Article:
Conclusion: 8 out of 10.
Amon Düül II - Best Of 1969-1999
Amon Düül II are one of the founding bands of what would be termed as kraut rock and the musical legacy they have left behind is both impressive as well as influential on many of today's bands. This collection features a run through of a number of tracks that the group released in its thirty year recording span. Originally there was one Amon Düül yet this incorporated both a political faction as well as a musical faction. This commune would split in two becoming Amon Düül (the political wing), which would go on to record one album under this name and Amon Düül II, whom we are dealing with in this compilation. To further confuse matters, members from both groups would gather on different albums at various stages of the band's career.
Though this compilation is said to span a thirty year period, the group's main era was in during the years 1969 till 1973, when the offices of the record company, United Artists were closed in Germany. In fact the tracks present here mainly relate to that glorious period, when Amon Düül II ruled the space rock scene.
Phallus Dei, the title track from the groups' 1969 debut album kicks off this compilation. Originally the track took up the whole of the second side of the LP, yet on this album it only runs for just under ten minutes (less than half the duration of the original!). Following the narrative introduction, we are greeted by a cacophony of sound effects and drones following which the group seems to indulge in a fuzzed jam session. Though close to psychadelia in style, one can almost state categorically that this was the very beginning of stoner rock.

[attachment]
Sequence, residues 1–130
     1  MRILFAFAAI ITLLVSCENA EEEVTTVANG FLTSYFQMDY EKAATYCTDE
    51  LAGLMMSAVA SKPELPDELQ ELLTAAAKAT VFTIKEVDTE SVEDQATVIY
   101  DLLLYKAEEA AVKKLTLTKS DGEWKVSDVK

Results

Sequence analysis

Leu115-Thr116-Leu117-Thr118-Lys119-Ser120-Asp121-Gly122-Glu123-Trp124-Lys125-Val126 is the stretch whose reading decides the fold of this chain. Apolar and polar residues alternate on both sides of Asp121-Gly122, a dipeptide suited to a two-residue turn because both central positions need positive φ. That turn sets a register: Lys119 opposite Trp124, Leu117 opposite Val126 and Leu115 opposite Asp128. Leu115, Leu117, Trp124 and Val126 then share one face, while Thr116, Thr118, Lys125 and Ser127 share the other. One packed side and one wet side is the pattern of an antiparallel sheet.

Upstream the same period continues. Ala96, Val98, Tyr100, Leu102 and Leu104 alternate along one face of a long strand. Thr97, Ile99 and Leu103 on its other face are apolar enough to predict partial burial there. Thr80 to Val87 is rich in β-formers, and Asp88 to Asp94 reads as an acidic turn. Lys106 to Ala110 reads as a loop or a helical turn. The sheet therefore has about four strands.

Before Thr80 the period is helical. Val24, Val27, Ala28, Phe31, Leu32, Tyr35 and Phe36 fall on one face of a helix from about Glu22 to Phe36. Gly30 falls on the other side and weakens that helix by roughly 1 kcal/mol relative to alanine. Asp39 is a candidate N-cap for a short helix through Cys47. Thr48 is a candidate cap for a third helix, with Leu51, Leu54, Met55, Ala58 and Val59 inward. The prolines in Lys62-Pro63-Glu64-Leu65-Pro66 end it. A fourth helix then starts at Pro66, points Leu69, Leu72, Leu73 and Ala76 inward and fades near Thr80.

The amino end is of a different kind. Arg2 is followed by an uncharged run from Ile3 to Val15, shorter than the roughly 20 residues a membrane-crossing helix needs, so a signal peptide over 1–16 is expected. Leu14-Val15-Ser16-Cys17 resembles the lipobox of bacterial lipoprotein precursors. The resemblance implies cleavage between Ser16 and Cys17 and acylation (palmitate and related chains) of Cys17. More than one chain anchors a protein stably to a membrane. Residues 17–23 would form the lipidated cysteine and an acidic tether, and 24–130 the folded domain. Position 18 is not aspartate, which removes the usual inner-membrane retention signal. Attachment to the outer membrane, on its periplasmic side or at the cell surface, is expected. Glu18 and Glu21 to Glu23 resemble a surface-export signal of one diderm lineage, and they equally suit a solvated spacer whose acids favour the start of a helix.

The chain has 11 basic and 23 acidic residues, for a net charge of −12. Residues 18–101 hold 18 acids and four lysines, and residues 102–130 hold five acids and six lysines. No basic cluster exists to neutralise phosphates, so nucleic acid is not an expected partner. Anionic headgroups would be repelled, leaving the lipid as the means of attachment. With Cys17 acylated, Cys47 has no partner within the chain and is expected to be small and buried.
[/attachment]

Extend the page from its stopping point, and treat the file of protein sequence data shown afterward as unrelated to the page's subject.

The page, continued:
This is further highlighted by the track Soap Shop Rock, which together with the following track Archangel Thunderbird, is found on the album 'Yeti' (1972). Once again the psychadelic influence reigns supreme especially in those areas where the group seems simply to be moving along on its generated momentum when one or more of the musicians just digresses into a self-indulgent solo. The power that this group generates is impressive as the tracks rumble on combining spaced out guitar work and effects together with some haunting vocals. No wonder the critics who listened to this band compared them to Pink Floyd, and indeed the group were being hailed as the new Pink Floyd.
1971 saw the group release what could be considered as their commercial peak, the double album 'Tanz der Lemminge' (Dance Of The Lemmings). Syntelman's March Of The Roaring 70th is a perfect example of the group's ability to experiment with song and sound structuring to create a unique sound which had the group indulging in improvisational pieces coupled with could be considered as straight forward rock. The sound on this album was reduced to a more gentle almost acoustic approach which also allowed the musical nature of the band to be further and more easily appreciated.